Full Funding of N.H. Kindergarten Sought

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New Hampshire lawmakers will be showered with Valentine's Day greetings this week from constituents who do their talking with crayons and construction paper.

Children from throughout the state have been making valentines for legislators, while their parents--members of the New Hampshire Public Kindergarten Coalition--are watching whether the lawmakers will support a new kindergarten funding bill.

The state does not require districts to offer kindergarten. While 103 of the state's 154 districts do provide it--using local money--many families are left paying for private kindergarten. And about 15 percent of 5-year-olds don't attend kindergarten at all.

"When we moved here, we didn't think to ask, 'Do you have kindergarten?'" said Paige Sutcliff of Hudson, N.H., a coalition members and an organizer of the Valentines for Kindergarten campaign. "It really would have affected whether we bought here."

1996 Law Inadequate?

A new law, passed last year, created a $500-per-child appropriation for districts that offer kindergarten, costing the state $5 million.

Rep. Donald B. White, a Republican from Hudson, has introduced a bill this year that would raise that figure to $2,000 per child, much closer to the actual price tag of a half-day program.

Because many districts don't have the classroom space to accommodate kindergarten students, $500 a child is more like a reward for those that already offer kindergarten, not a real incentive for districts to begin providing it, said Donna Ohanian, a coalition member.

Mr. White's bill would tack an extra 18 cents onto the price of each pack of cigarettes to provide $30 million in funding. Districts would also be able to use the money to provide property tax relief. New Hampshire does not collect a sales tax or income tax.

Mr. White's bill is likely to be just one of many kindergarten funding proposals to be introduced this session.

The new Democratic governor, Jeanne Shaheen, is also scheduled to present her budget this week, which is expected to include a plan for expanding kindergarten.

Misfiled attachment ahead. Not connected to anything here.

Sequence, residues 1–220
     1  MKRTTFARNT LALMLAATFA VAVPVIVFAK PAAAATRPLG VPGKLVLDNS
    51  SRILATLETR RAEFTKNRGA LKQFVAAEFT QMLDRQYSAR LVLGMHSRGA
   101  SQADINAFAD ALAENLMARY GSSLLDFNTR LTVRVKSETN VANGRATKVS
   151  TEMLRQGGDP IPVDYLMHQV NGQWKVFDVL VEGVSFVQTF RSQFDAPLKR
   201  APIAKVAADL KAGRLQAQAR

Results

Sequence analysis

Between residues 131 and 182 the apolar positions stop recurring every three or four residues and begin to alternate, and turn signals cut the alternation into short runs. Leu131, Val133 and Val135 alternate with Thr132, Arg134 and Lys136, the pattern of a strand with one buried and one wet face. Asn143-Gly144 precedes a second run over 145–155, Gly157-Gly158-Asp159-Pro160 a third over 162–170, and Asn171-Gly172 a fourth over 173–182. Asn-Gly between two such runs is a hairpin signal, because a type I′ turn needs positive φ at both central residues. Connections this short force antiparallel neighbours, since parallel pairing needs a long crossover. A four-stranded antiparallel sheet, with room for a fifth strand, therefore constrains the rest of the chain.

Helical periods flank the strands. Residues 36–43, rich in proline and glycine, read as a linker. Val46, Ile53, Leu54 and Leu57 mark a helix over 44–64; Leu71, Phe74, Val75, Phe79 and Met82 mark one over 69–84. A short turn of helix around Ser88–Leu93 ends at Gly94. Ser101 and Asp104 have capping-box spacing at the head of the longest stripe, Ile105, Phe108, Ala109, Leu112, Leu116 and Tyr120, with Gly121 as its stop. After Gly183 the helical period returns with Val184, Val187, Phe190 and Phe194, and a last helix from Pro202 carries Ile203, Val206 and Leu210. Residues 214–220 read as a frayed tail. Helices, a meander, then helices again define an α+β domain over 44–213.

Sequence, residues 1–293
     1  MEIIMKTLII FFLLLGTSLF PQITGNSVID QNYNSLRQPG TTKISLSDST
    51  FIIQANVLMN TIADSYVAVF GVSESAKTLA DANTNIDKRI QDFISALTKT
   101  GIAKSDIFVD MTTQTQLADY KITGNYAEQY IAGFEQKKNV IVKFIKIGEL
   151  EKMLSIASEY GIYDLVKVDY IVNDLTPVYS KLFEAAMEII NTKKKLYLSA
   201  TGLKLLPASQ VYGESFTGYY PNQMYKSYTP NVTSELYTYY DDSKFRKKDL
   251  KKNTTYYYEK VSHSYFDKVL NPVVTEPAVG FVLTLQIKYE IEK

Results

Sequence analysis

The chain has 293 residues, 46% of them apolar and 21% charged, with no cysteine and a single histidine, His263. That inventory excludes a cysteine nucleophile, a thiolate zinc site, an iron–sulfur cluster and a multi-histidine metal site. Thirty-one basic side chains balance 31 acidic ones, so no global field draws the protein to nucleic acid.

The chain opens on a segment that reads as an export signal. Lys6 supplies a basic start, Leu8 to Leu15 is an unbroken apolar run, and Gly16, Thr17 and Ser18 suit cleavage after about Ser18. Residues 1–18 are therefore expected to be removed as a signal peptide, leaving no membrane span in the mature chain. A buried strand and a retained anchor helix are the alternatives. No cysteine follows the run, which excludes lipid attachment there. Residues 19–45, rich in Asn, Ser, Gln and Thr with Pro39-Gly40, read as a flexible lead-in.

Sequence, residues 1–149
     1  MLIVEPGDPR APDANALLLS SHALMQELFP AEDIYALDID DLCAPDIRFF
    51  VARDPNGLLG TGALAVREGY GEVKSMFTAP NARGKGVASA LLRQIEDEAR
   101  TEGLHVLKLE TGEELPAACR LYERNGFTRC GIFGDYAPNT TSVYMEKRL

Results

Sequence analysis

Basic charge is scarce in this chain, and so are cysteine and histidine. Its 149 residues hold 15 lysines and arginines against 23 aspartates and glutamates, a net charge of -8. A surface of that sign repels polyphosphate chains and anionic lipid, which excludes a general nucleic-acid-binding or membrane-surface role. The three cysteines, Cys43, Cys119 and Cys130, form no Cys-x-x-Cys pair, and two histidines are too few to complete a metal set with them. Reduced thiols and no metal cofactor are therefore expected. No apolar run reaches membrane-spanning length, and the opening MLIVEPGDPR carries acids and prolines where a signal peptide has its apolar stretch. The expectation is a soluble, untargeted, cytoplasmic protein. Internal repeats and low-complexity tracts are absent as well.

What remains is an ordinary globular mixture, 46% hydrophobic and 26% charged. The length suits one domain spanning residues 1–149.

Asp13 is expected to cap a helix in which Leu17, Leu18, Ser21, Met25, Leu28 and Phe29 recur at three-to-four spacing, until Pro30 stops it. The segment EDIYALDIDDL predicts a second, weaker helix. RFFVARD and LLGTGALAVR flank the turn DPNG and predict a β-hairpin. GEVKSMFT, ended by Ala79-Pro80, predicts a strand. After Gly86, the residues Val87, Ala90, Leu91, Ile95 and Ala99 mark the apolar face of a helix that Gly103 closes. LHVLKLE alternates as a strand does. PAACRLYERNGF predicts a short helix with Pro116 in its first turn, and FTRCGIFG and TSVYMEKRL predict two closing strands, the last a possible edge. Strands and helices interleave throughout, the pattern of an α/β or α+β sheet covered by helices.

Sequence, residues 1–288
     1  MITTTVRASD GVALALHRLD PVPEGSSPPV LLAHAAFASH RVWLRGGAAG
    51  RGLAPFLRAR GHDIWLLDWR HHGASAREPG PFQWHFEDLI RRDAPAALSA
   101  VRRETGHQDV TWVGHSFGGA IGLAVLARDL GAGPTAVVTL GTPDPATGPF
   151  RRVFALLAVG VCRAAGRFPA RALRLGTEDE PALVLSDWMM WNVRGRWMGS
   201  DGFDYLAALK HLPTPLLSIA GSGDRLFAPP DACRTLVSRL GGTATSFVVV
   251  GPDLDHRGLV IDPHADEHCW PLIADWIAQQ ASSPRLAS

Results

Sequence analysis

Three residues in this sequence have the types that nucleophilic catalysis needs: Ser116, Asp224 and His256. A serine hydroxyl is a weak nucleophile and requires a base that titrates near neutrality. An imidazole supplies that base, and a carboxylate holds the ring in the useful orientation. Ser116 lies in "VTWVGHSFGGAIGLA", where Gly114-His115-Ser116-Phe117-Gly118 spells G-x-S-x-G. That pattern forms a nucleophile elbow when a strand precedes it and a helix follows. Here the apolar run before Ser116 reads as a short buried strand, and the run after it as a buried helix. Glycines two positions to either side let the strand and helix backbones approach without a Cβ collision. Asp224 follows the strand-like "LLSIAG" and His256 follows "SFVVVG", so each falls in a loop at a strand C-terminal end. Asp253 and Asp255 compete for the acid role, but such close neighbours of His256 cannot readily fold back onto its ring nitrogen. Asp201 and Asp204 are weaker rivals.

While Gov. Shaheen has indicated that she, too, might propose a cigarette-tax hike, the revenue would likely go into the general fund instead of being dedicated entirely to kindergarten, according to her spokesman, Todd Quinn.

The state is also carrying a budget deficit of some $45 million in its $1.6 billion budget. That shortfall will have to be addressed.

"There are a lot of ifs as to where we're actually going to be at the end of '97," Jeff Pattison, a state budget analyst, said.

Grassroots Effort

So far, Ms. Sutcliff and Ms. Ohanian have paid to print fliers and mail information about kindergarten funding.

They've appeared on radio stations and written letters to newspapers to generate support for their cause.

Their town of Hudson, in the southern part of the state, has 400 children who were eligible to attend kindergarten this year. But the Hudson-Litchfield school district is one of the districts that don't offer it.

Ms. Ohanian has paid for two children to attend kindergarten, while Ms. Sutcliff is now sending a son to a private school. Both women also have preschoolers who they hope will be able to attend public kindergarten.

"It's not that I mind paying for it. It's the fact that not all kids get to go," Ms. Ohanian said.

The parents complain that 1st grade teachers have a difficult time teaching classes in which some students have been to kindergarten and some haven't. Too much time, they say, is spent working with the children who didn't go to kindergarten.

While it's too early to tell which funding plan might get the most attention, Paul Krohne, the executive director of the New Hampshire School Boards Association, is hopeful that spending for kindergarten will increase this year.

"We viewed the legislation that passed last year as a positive first step. But I feel very comfortable saying that something will pass that will be an improvement over what we have now," he said. "We have raised the importance of kindergarten to the point where it is nearly politically impossible to vote against it."

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